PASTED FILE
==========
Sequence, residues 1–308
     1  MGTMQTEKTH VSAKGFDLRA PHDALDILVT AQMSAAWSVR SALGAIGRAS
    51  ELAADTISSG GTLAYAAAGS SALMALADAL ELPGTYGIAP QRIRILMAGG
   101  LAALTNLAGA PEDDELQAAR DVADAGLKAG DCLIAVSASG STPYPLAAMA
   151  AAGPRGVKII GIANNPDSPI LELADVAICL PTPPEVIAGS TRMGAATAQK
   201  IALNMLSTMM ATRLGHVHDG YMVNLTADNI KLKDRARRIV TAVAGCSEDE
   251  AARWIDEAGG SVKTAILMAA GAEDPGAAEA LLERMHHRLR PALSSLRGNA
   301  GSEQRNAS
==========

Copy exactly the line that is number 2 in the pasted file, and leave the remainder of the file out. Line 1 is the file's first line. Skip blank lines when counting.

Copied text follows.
     1  MGTMQTEKTH VSAKGFDLRA PHDALDILVT AQMSAAWSVR SALGAIGRAS